This article originally appeared in the October 1999 issue of GammOnLine. Thank you to Kit Woolsey for his kind permission to reproduce it here.

## PRACTICAL BACKGAMMON #4: Match Equity and Doubling Windows

By Hank Youngerman
This position arose in an online tournament. Should Blue double? Should White take?

 11055 ``` ``` White 513 point match Blue 10

Things look pretty bleak for White. He trails by 55 pips in the race. He can lose a gammon but can't win one. At best, perhaps he will get a shot while his opponent is clearing the 4, 5, and 6-points, but then he still has to hit it. If the hit comes too late, Blue might have quite a few checkers off, or White's board might be crunched. In the actual game, both players made a huge mistake. We'll come back to this later.

### Match Equity

The goal of backgammon match play is not to win each game—it is to win the match. This can be done one point at a time, or two, or four, or in whatever combination. (In actual play, backgammons are relatively rare and usually not considered in most theoretical calculations.)

We will make a few simplifying assumptions in the material that follows:

1. When the doubling cube is not in play, 20% of all games end in gammons.
2. The opponents in a match are of equal skill.
3. We will ignore the effect of backgammons and of the "free drop."
4. After the Crawford game, the trailer always turns the cube at his first opportunity.
5. If a player takes a cube in a situation where he will lose the match if he loses the game, he always immediately redoubles if he needs the extra points.

Suppose you lead 2-0 Crawford in a match to 3. Your opponent needs to win two games in a row to win the match. A gammon in the first game does not help, since he will turn the cube immediately in the next game. His chances of winning the match are therefore 50% (his chances of winning the current game) times 50% (his chances of winning the next game), or 25%. His match equity is 25%, and yours is 75%.

Now, suppose you lead 2-1 Crawford. Your opponent has another way to win—a gammon in the current game. His match equity at this point is:

10% (gammon); plus
40% (non-gammon win) times 50% (win in the next game)
or 30%, and yours is 70%.

One of the tools of top tournament players is having memorized a match equity table for matches of meaningful lengths. For the moment, readers should not worry about memorizing a table. However, a very useful match equity table appears here. The table is based on empircal results from actual tournament matches.

### Match Equity Table and Drop Points (Gammonless)

We will deal with the decision to take or drop first, because it is the easier one to express mathematically.

Suppose the score is 0-0 to 3. You are doubled. Should you take?

If you drop, your match equity will be 40%. If you take, you will either be 75%, or 25%, to win. You want to take when your average equity will be greater than 40%.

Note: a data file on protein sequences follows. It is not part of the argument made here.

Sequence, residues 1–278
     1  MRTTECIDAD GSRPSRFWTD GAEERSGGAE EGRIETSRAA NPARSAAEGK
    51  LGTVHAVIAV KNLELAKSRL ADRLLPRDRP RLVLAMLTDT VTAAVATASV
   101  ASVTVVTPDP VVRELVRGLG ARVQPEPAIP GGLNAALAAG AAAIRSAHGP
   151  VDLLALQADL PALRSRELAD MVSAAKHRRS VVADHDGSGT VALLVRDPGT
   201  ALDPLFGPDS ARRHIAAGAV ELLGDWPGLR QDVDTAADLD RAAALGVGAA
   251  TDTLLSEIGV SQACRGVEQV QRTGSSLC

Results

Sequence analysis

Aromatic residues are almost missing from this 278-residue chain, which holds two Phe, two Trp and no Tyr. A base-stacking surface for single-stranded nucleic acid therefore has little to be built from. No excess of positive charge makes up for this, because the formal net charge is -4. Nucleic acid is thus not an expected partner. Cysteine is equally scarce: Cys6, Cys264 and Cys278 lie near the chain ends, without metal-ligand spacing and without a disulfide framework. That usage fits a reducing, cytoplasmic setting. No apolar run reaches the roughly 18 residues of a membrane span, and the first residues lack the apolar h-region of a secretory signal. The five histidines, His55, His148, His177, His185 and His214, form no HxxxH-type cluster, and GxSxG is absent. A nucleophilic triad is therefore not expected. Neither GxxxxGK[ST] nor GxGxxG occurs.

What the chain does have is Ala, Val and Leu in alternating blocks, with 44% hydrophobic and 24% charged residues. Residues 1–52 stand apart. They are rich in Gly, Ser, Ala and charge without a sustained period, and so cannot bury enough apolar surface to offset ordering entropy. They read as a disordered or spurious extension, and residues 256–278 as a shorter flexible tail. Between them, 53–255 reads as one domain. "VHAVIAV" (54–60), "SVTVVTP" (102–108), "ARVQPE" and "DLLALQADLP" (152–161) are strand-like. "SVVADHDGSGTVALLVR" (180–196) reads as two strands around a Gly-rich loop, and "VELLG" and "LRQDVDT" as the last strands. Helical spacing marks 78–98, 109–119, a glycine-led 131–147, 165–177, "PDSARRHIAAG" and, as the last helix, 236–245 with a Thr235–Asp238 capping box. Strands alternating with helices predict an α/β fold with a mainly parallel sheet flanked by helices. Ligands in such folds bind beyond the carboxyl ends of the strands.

For those who are inclined to algebra, we can calculate based on your winning chances (w) as:

.75w + .25 (1-w) >= .4

But a more practical way to calculate is this:

"If I take and win, I will have gained 35% match equity over dropping. If I take and lose, I will have lost 15%. Therefore I need odds of 15% divided by (15% + 35%), or 30%, to take."

For take decisions, this is the basic formula—possibly the single most important formula in backgammon:

Takepoint = Loss from taking / (Loss from taking + Gain from taking)

### Match Equity Table and Drop Points (Gammon Adjusted)

Of course, gammons do matter. The actual drop point would be where your equity is less than:

100% times probability you win a gammon; plus
75% times probability you win a single game; plus
25% times probability you lose a single game; plus
0% times probability you lose a gammon.

In money play, (or in the early stages of a long match), there is an easy way to adjust for gammons, which is simply to reduce your expected winning chances by half the difference in expected gammons. (This assumes you will lose more gammons than you win, which is the usual case when you're the one being doubled.) Why half? Because when you convert a win into a gammon, you gain one point; when you convert a win into a loss, you lose two points—the one you actually lose and the one you would have won.

Gammon adjustments in match play are more complicated. We will save a discussion of gammons for a later article. For the moment—just remember to consider gammons in your taking decisions, and if you make the adjustment of subtracting 1% from your winning chances for each 2% by which you estimate your opponent will win more gammons than you do, you won't be far off.